Best crate for a labradoodle labradoodle inside or outside Is A Bigger Dog Crate Better

AmazonBasics Crate – Best crate for a Labradoodle

I’ve always been a fan of crates for dogs for the amount of positive things they bring to the table. So not long after we got our new puppy, we also wanted to find the best crate for a labradoodle.

I shopped around a bit and researched quite a lot before finally settling on the AmazonBasics Folding Crate.

The AmazonBasics Folding Crate is great for a labradoodle, all the way from when it’s just a puppy, to now 60 pounds of almost fully grown labradoodle.

And while it’s not totally perfect, the few flaws are nothing really that drags the final product down as it was something that was easily fixed.

But lets’ take a look at why I would recommend this crate to anybody looking for a crate for their Labradoodle.

But why should I buy a crate?

Buying a crate for your puppy is highly recommended.

Some people think it’s cruel to put a labradoodle in a “cage”, but I say it’s crueler not to.

A puppy will see the crate as a sanctum where it can have its own little cave. A place where it can go for some peace and quiet and to not be disturbed by the kids of the family.

Another advantage is that a puppy much quicker will learn not to have to go out for a pee every night if it sleeps in a crate.

From natures side, a labradoodle isn’t interested in messing up its own cave, and if it’s not in a crate, the puppy will just be able to relieve itself on the kitchen floor instead of learning to hold until morning.

Under any circumstance, you should expect to have to let your labradoodle puppy outside once a night for the first 10 weeks or so.

By using a crate, you also minimize the risk that your puppy will acquire some bad habits at night, like chewing on furniture or anything it will be able to get its paws on.

Another advantage of using a crate is that you will be able to bring it with you if you are going on a vacation or visiting relatives.

And by doing so, your Labradoodle will always have a place where it feels safe and comfortable, even when you are visiting new and unknown places.

Setting it up

We ordered the 48″ double door version, as it’s always nice to have more than 1 option for how and where to place the crate, without ending up blocking the only door into it.

And we wanted it to be big enough no matter what size our dog would grow into. Some dogs might prefer a smaller crate, so you will have to decide what size you think is best for your dog.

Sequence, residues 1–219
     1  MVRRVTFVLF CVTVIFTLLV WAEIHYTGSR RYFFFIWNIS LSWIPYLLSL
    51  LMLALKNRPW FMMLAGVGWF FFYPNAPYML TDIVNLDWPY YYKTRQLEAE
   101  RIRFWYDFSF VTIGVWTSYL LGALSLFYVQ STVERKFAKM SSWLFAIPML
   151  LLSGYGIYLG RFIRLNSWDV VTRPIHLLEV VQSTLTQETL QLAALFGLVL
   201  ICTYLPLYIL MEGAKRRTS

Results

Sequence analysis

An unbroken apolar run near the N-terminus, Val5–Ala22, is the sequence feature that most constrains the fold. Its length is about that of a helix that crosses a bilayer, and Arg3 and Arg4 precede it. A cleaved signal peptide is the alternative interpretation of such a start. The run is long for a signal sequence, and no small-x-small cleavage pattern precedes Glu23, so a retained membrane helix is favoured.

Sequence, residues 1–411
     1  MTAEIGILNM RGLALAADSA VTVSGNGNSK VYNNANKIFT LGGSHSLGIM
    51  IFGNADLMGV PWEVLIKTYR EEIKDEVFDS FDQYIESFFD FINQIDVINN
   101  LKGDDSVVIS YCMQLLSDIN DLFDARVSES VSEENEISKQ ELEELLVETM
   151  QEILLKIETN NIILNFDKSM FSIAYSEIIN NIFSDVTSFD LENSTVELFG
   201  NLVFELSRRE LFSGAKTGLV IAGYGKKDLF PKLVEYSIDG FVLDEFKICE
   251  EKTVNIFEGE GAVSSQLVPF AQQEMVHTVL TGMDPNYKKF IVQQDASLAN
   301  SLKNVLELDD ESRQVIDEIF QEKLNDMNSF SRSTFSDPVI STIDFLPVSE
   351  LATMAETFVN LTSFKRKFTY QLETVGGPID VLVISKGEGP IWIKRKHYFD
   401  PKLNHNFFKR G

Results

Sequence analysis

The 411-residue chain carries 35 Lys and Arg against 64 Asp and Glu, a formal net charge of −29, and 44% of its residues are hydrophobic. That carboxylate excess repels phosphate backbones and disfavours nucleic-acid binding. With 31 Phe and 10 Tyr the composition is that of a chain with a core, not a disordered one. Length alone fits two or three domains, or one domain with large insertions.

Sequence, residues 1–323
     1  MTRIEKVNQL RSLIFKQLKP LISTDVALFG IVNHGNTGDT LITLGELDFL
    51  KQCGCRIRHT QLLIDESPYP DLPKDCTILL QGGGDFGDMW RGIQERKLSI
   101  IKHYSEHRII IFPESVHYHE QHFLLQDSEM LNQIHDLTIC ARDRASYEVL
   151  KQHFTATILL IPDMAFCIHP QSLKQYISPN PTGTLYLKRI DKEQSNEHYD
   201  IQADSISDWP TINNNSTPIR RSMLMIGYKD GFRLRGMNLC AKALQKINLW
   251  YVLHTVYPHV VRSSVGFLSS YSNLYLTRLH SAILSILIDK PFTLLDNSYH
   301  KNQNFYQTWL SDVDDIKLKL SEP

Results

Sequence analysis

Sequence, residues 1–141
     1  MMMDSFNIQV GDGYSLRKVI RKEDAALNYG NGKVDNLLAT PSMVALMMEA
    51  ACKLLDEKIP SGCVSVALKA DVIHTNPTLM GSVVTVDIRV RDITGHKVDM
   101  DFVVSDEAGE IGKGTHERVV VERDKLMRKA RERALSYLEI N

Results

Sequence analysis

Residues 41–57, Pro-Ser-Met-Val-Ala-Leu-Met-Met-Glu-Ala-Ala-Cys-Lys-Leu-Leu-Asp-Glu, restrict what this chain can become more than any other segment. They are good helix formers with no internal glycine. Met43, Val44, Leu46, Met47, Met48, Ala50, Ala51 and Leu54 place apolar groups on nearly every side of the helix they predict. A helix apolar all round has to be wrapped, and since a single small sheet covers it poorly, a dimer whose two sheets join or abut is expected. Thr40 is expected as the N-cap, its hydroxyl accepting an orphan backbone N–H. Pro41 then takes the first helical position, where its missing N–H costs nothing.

Assembling the crate almost couldn’t be easier, as it arrives folded flat in a box, and the clever folding design of the crate means you can unfold and assemble it in less than 30 seconds.

Without the use of any tools but your hands!

You just lay the crate flat on the floor, then raise the sides and the top, and finally, swing out the front and back panels.

The crate comes with a plastic bottom, which prevents any accidents or spills of any kind, to leave the crate and flow through to the floor underneath.

And if you at one time would like to bring the crate with you somewhere, simply doing this in reverse allows you to fold it down just as fast as unfolding it.

Without using any tools!

While doing this, our labradoodle Monty was watching the entire unpackaging/assembling, and we didn’t even finish setting it up before he jumped in!

In the package, there’s also a divider panel.

It’s basically an extra panel you can use to divide the crate and make it seem smaller and more appropriately sized for your puppy.

This way you can also easily use the crate for house training your puppy, by using one side of the crate as the potty side, and the other for sleeping.

And then simply remove the divider when the puppy grows larger and requires more place.


We had previously owned a crate from another supplier which had cost more than twice as much as this one, and our old dog was able to chew that apart within a few weeks, so we were a bit skeptic before buying it.

But that skepticism has been proved to be unfounded!

It’s not that our dog hasn’t tried to taste it on more than one occasion, but the crate has been able to withstand it all so far, and thankfully our dog has grown out of the biting phase by now.

The crate metal is thicker than that of any crate we’ve previously owned, and again, considering the price, that’s pretty great, as that’s usually where manufacturers will try and save some manufacturing costs.

One small issue we had with the crate was that there was a handfull of quite sharp edges in the metal wiring. But I was able to remove then quite easily just by using some sandpaper on them.

But the bottom line is that we have been using the AmazonBasics Crate for more than half a year now, and you can hardly see any signs of usage on it!

And that is pretty darn impressive considering 60 pounds of dog haven’t exactly tried to avoid doing any harm to id.

Especially the first few weeks he was pretty rough with it, and it really stood up to the challenge.

Best crate for a labradoodle?

You can easily spend upwards of 3 times as much money on a crate and still not get a product that is as smart and durable as the AmazonBasics model.

It’s easy to assemble, comes in whatever size you could possible want, and is very affordable.

During our so far 6 month of use, the only issue we’ve had was the one with the sharp edges, and that was something we could fix in 5 minutes.

So the final verdict is that we are very satisfied with the AmazonBasics Folding Crate (affiliate link), and it looks like it might last a lifetime, so we won’t have to replace it anytime soon.

If you’re looking for help on how to crate train your puppy, I have written a lengthy guide here.

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